Complementary Approaches to Clearing Mucus

by | Feb 23, 2020 | Blog

The clearance of mucus is very important for individuals fighting pulmonary conditions. In cystic fibrosis (CF) and COPD the clearance of mucus is crucial to clearing bacteria pathogens to reduce the decline in lung function.

To understand how we can attack the clearance of mucus outside of the typical inhaled medication treatments, we need to first understand what we are working with.

What is Mucus?

Mucus is made up of 97% water, 3% solids and is secreted from cells and glands (goblet cells & submucosal glands) (Fahy & Dickey, 2010). In the airways, these cells line the surfaces (epithelia surface) and sweep across the airways picking up and removing waste from air inhalation. In normal conditions, mucus is secreted into the airway tract and traps inhaled particles. When mucus secretion is dysregulated, such as for individual’s with CF and/or COPD, airway mucus secretion increases, which leads to obstruction of the respiratory tract, reduces airflow, and can lead to an increase in inflammatory response within the respiratory tract. The hypersecretion increases ciliary dysfunction and oxidative stress on the respiratory tract. 

 

So, how can you potentially clear more mucus?

 

Step 1: Drink more water.

         The lungs are made up of around 80% water (Lange, & Schuster,1999). The mucus within the respiratory tract is comprised mainly of water. The lungs are estimated to lose 1/4th of the water consumed by the human body through respiration each day. Dehydration increases thickening at the airway surface layer, obstructs ciliary from moving mucus due to dehydrated mucus which leads to inhibition of mucociliary clearance.

Step 2: Strength Training and Cardio   

         Increase mucus build up can lead to an increase in inflammatory markers within the lungs. Increased inflammation causes an increase in oxidative stress and a decline in lung function over time. To combat against this, integrating resistance training and cardiovascular training into your weekly routine can help decrease some mucus build up. Research has shown that resistance training and cardiovascular training reduce oxidative stress markers, improve maximal oxygen consumption, and more importantly, increase mucociliary transit time (Silvaa et al. 2019). To keep it simple, when you move more, or at a greater intensity/frequency, the need for oxygen is going to increase. This increases breathing rate and heart rate, and through the rhythmic vibration, it also loosens up the mucus to be able to move out of your system.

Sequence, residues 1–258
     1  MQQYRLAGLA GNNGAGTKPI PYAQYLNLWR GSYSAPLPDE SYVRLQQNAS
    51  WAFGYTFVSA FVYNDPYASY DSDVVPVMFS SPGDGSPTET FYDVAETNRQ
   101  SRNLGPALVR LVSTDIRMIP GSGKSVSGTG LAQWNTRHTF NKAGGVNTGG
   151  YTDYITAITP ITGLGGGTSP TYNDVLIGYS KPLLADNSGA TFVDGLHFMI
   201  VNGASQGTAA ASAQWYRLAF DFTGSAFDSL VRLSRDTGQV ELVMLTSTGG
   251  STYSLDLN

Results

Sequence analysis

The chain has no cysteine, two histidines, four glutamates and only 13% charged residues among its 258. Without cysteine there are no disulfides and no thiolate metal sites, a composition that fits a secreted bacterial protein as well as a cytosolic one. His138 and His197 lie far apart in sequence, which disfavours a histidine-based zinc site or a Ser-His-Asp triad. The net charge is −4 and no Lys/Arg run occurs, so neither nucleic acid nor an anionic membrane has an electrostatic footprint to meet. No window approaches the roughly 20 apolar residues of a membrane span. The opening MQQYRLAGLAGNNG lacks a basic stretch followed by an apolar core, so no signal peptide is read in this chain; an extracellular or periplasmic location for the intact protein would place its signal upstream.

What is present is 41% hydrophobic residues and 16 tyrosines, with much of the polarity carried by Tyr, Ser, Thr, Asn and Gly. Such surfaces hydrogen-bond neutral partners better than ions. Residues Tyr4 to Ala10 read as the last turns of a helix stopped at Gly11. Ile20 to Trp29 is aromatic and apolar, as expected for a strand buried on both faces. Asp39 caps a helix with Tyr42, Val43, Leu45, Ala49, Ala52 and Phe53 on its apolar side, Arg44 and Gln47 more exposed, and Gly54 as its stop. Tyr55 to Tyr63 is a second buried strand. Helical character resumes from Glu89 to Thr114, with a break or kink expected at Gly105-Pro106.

Step 3: Recovery

         After reading this you will want to get started right away, but you need to make sure you don’t push too hard to soon. Remember that exercising can increase inflammatory responses and induce neurological and muscle fatigue. Which is not to worry, it’s expected but you will need time to recover. Recovery between workouts is one of the most important aspects of exercising. People often over train and see less progress. Schedule rest days between hard workouts. On rest days you should focus on hydrating, sleeping, stretching, and your food intake. What you do outside of your workouts is more important than the actual workout itself.

 

Key Takeaways

         Let’s sum it all up so you can get going on clearing more mucus. Drink more water. Most people perform respiratory treatments in the morning when they wake up. Drink a glass of water within 30 minutes of waking up, or before your respiratory treatment, and also throughout the day. Integrate resistance and cardiovascular training into your weekly routine 2-4 days a week. If you are limited on time or days, you can split it up and work out half the time performing resistance training and the other half performing cardiovascular training. Last but not least make sure you integrate rest/recovery days into your exercise plan. Listen to your body. If your body is stiff, beaten down, or you feel like a zombie focus on stretching, drinking water, taking a nap, and getting your calories in for that day. Your body knows best. If you feel better, you will push yourself more and if you can push yourself more you can potentially improve mucociliary clearance.

 

Train Smarter, Not Harder

 

References

Fahy, J. V., & Dickey, B. F. (2010). Airway mucus function and dysfunction. The New England Journal of Medicine363(23), 2233–2247. https://doi.org/10.1056/NEJMra0910061

Lange, N. R., & Schuster, D. P. (1999). The measurement of lung water. Critical Care3(2), R19–R24. https://doi.org/10.1186/cc342

Silva, B. S. A., Ramos, D., Bertolini, G.N., Freire, A.P.C.F., Leite, M.R. Camillo, C.A., L.A. Gobbo. L. A., & Ramos, E.M.C. (2019). Resistance exercise training improves mucociliary clearance in subjects with COPD: A randomized clinical trial. Pulmonology, 24(6), 340-347.

 

  

For more exercises check out our YouTube Channel: Cystic Fibrosis Fitness Institute 

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